The Damage Control Information Display System (DCIDS) is a graphical information-retrieval and equipment-control system that gives shipboard damage control personnel the ability to detect, analyze, and combat various types of damage control situations. A prototype of DCIDS has been developed for use aboard the ex-USS Shadwell , the Navy's full scale fire research and test ship from which damage control and ship survivability investigations, analyses, and evaluations are performed. This DCIDS implementation runs on a PC-compatible computer under MicroSoft Windows and communicates with the Shadwell 's data collection computer through an Ethernet TCP/IP connection. This report describes the operation and use of the DCIDS program, and provides the user interface and information management specifications for modification of the program for other fire test scenarios and equipment interfacing.

D. L. Tate, "The Damage Control Information Display System for the Ex-USS Shadwell," NRL Report NRL/FR/5535-93-9589, September 30, 1993.

Ethernet Options for the Ex-USS Shadwell

Ethernet has been selected as the data communications network to interconnect various damage control sensors, equipment, workstations, and PCs on the ex-USSShadwell . This paper addresses questions regarding the obtainable capacity of Ethernet and the choices for the physical configuration of the network.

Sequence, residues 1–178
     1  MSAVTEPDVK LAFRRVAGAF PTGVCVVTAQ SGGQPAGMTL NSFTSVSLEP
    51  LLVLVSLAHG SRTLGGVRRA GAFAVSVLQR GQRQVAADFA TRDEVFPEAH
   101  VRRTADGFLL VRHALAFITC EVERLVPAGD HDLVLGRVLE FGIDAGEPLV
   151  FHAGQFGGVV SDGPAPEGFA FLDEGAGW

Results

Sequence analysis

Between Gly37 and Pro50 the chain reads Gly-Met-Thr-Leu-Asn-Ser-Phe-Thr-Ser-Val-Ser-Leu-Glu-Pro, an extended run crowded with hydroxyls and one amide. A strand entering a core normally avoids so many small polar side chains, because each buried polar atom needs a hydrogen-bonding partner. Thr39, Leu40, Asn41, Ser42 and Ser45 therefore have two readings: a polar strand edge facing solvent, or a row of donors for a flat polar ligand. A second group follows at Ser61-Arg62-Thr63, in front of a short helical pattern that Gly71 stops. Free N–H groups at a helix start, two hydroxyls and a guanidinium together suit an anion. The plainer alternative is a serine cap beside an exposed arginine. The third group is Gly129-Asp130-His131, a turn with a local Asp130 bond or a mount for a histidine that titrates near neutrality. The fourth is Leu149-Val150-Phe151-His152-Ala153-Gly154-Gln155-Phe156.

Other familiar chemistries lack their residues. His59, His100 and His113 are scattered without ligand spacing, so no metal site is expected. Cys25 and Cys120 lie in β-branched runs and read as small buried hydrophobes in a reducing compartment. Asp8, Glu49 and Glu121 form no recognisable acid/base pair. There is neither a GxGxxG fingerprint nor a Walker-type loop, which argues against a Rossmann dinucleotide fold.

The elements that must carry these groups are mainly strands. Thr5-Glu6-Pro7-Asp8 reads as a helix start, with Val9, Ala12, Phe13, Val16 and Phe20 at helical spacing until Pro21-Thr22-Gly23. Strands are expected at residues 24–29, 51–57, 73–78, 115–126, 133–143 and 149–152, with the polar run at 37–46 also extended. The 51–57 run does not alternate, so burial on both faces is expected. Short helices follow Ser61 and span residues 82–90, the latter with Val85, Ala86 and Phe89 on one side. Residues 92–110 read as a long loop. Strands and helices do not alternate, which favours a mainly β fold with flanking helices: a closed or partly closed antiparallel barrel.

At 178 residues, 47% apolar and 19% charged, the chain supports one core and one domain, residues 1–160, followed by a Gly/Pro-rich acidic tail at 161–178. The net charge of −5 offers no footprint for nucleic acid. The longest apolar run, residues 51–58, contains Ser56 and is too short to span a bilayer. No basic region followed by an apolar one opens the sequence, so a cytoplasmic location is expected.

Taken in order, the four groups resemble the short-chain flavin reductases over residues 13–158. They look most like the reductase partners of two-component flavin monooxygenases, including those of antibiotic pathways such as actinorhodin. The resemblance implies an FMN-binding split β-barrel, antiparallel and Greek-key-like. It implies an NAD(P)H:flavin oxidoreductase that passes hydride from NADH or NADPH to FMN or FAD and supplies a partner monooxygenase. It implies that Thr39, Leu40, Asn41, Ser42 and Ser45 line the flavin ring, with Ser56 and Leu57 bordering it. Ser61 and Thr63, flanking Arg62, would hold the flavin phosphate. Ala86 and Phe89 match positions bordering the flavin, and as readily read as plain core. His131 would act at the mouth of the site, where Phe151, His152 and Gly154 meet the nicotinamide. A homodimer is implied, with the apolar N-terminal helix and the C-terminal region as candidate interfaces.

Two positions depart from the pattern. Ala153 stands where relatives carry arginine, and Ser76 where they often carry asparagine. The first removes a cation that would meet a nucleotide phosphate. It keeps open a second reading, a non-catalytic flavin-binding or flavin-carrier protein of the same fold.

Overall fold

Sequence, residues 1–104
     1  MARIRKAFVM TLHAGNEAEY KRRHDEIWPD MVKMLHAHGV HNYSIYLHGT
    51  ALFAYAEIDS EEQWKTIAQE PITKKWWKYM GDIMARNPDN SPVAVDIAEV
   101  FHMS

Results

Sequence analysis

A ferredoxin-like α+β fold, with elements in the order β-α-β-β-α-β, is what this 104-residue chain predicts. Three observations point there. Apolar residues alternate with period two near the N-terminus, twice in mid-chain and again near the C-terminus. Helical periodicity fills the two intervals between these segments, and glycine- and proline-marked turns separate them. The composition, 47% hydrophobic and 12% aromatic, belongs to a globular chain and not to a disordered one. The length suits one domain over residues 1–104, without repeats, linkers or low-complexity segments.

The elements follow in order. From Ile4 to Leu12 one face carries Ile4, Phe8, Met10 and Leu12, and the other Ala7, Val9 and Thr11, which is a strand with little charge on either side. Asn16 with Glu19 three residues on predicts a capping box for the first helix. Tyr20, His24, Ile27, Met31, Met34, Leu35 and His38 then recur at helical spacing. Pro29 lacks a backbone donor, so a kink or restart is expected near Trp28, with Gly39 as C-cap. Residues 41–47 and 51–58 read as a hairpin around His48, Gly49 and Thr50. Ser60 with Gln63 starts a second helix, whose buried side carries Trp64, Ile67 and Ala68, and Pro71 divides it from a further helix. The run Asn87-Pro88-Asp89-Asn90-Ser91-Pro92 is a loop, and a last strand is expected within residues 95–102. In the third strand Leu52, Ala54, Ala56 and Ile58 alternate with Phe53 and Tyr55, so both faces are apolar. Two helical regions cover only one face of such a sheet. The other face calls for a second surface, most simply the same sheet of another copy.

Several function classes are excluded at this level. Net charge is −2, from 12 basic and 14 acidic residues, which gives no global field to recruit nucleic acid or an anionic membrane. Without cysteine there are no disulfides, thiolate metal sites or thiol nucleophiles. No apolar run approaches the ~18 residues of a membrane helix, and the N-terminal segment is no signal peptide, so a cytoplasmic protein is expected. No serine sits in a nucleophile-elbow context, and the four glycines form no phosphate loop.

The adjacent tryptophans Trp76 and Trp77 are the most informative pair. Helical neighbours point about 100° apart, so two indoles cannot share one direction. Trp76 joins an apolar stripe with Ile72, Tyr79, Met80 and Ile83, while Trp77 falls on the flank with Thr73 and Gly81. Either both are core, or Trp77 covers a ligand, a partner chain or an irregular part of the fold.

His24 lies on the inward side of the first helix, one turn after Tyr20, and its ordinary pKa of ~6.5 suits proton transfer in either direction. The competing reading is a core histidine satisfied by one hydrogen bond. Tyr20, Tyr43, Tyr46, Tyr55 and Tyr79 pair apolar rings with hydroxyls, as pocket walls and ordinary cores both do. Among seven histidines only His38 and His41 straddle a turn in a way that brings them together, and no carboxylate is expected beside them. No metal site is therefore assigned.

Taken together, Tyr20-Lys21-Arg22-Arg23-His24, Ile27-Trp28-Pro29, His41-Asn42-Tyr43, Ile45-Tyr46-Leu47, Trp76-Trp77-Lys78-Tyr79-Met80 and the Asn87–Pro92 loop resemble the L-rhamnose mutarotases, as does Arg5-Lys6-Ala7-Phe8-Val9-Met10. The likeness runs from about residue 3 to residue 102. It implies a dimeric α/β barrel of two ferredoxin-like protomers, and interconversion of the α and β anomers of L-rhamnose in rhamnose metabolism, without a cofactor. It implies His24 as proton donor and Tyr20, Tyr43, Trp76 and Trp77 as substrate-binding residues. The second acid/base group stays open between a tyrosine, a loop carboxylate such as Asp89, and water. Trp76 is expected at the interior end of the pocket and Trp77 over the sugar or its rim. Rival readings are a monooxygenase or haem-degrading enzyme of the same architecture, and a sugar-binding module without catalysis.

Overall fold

D. L. Tate and F. W. Williams, "Ethernet Options for the Ex-USS Shadwell," NRL Letter Report 6180-54, February 8, 1993.

Real Time Data Access Aboard the Ex-USS Shadwell

This report describes the method for retrieving fire test measurement data from the MassComp computer on tthe ex-USS Shadwell using TCP/IP connections on theShadwell 's Ethernet network.

D. L. Tate, T. Riddle, and F. W. Williams, "Real Time Data Access Aboard the Ex-USS Shadwell," NRL Letter Report 6180/393.1, July 15, 1993.
Online report. This report is included in its entirety as an appendix to NRL Report NRL/FR/5535-93-9589 listed above.

Development of a Tactical Decision Aid for Shipboard Damage Control

Shipboard damage situations require rapid decision making to prevent serious injury to personnel, damage to ship systems, or loss of the ship. As the Navy proceeds toward more complex ship systems and reduced manning, a means of automating the decision making process is needed to assist damage control personnel in taking corrective actions. Because of the incompleteness or uncertainty of damage control information, conventional computational techniques are not suitable for use in damage control situations. A tactical decision aid based on expert systems technology can be used to evaluate facts and their relative uncertainty, and apply a set of rules to draw inferences that lead to possible problem solutions.

This report describes the development of a tactical decision aid for shipboard damage control that uses a rule-based expert system based on information from Navy damage control tactics, procedures, and doctrine, together with information from fire research and firefighting experts. This expert system can receive information, assess its significance, and recommend corrective action. The expected payoffs include reduced damage control response time, consistency of responses and corrective actions, and a reduction in manning with no reduction in performance.

D. L. Tate, "Development of a Tactical Decision Aid for Shipboard Damage Control," NRL Report NRL/FR/5580-96-9837, November 20, 1996.

NOTE: The on-line reports have been reformatted for viewing with WWW browsers, and are not exact copies of the published reports. Typefaces, indentations, and figures will generally have a different appearance. Contact tate@itd.nrl.navy.mil to obtain copies of the original reports.